A Qumran cave near the site of the Essene settlement.
Analysis of fabrics found in caves at Qumran points to the Essenes sect as authors of the Dead Sea Scrolls. In all, some 200 textiles have been analyzed.
According to LiveScience.com:
The research reveals that all the textiles were made of linen, rather than wool, which was the preferred textile used in ancient Israel. Also they lack decoration, some actually being bleached white, even though fabrics from the period often have vivid colours. Altogether, researchers say these finds suggest that the Essenes, an ancient Jewish sect, "penned" some of the scrolls.
A breakthrough in studying these remains was made in 2007 when a team of archaeologists was able to ascertain that colorful wool textiles found at a site to the south of Qumran, known as the Christmas Cave, were not related to the inhabitants of the site. This meant researchers were able to focus on the 200 textiles found in the Dead Sea Scroll caves and at Qumran itself, knowing that these are the only surviving textiles related to the scrolls.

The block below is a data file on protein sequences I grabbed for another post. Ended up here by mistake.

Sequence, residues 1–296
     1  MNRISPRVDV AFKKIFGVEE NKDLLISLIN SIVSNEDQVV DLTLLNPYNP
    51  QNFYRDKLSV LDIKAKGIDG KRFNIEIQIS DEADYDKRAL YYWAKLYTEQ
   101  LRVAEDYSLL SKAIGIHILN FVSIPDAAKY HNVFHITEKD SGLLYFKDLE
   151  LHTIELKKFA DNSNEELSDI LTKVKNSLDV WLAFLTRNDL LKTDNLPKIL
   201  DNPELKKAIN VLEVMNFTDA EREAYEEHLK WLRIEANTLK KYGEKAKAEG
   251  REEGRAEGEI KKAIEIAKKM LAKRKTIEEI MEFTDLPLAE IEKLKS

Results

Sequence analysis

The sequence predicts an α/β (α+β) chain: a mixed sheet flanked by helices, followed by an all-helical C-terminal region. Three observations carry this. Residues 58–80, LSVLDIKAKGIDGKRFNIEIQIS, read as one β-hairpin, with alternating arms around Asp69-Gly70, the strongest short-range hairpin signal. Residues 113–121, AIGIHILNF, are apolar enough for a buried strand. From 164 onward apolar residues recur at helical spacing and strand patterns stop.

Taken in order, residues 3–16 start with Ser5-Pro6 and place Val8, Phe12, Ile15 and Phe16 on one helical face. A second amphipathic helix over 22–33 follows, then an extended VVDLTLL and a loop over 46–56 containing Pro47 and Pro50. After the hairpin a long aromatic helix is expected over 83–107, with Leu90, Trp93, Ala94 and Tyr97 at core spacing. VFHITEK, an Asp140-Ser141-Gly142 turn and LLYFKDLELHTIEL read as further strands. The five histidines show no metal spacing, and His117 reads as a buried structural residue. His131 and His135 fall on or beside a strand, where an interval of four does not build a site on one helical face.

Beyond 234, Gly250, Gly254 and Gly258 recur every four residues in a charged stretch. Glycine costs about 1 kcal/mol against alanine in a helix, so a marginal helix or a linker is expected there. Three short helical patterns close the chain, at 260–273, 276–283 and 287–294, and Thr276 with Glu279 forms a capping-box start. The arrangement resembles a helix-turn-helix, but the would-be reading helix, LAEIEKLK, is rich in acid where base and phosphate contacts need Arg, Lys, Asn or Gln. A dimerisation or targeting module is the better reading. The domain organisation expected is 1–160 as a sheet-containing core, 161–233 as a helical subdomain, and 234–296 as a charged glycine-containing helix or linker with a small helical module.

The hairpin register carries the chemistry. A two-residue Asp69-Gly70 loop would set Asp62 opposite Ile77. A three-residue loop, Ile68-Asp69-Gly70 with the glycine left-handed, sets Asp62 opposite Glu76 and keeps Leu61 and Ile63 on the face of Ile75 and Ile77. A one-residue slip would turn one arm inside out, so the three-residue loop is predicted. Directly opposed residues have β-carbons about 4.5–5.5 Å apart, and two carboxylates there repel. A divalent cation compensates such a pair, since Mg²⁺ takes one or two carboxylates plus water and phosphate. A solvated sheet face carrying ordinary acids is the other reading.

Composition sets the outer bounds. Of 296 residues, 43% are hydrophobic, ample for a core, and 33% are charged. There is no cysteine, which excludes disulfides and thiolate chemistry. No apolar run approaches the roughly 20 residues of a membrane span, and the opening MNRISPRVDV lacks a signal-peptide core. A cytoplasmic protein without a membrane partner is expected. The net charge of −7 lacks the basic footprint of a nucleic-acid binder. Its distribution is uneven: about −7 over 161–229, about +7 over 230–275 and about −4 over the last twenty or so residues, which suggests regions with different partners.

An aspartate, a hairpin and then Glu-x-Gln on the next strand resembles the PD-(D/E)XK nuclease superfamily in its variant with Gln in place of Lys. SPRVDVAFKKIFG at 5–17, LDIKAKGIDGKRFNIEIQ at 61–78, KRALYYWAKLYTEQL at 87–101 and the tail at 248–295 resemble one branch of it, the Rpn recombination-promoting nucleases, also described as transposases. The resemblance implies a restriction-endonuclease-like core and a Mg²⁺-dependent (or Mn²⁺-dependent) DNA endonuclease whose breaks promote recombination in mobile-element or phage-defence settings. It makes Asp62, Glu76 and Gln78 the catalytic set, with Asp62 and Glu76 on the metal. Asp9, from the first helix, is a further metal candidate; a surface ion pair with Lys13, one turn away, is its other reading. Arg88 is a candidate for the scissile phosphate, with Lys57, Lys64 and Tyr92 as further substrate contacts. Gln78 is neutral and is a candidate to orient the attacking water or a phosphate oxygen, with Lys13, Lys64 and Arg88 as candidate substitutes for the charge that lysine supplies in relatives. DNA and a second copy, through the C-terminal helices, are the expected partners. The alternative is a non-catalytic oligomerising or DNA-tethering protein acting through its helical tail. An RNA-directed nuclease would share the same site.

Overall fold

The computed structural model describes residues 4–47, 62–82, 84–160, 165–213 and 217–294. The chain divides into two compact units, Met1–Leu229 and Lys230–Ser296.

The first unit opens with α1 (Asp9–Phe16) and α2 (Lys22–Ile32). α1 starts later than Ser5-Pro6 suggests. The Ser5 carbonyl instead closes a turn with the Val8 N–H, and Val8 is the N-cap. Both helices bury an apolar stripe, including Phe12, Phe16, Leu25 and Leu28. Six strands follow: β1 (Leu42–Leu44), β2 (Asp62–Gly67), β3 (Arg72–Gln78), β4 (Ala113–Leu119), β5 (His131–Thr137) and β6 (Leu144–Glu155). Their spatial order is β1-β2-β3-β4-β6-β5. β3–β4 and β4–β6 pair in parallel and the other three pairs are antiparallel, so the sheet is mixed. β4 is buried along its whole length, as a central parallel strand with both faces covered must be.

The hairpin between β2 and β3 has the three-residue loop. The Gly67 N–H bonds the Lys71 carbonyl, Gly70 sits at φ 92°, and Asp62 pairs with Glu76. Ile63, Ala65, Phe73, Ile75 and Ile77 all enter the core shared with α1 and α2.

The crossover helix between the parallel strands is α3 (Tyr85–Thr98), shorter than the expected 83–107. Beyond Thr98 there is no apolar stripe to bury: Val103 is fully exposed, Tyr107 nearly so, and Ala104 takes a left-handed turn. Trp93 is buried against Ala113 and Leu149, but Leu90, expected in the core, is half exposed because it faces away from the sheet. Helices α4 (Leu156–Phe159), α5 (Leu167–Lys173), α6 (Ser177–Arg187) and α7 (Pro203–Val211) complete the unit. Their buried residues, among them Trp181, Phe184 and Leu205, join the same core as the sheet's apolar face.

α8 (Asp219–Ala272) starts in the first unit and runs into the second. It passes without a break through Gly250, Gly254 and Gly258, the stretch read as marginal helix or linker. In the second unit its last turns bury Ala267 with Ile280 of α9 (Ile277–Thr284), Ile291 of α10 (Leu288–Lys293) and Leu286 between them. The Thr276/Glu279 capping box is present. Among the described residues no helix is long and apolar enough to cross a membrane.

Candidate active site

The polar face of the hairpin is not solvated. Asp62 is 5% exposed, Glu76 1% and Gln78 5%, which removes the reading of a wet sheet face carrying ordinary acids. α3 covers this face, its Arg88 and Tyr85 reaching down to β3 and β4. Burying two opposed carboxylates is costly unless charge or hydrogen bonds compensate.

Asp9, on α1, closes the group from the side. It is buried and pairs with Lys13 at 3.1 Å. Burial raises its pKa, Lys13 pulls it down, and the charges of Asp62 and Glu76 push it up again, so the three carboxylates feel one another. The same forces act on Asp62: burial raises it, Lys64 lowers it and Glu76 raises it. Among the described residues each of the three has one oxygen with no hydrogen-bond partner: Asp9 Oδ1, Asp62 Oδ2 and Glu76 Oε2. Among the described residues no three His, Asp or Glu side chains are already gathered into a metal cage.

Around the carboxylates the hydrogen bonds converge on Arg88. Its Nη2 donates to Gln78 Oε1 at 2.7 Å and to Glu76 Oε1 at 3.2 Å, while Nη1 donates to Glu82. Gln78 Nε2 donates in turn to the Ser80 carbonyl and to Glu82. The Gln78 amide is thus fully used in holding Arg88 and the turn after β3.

However, the analysis is not conclusive proof. An archaeologist who has excavated at Qumran told LiveScience that the linen could have come from people fleeing the Roman army after the fall of Jerusalem in A.D. 70, and that they are in fact responsible for putting the scrolls into caves.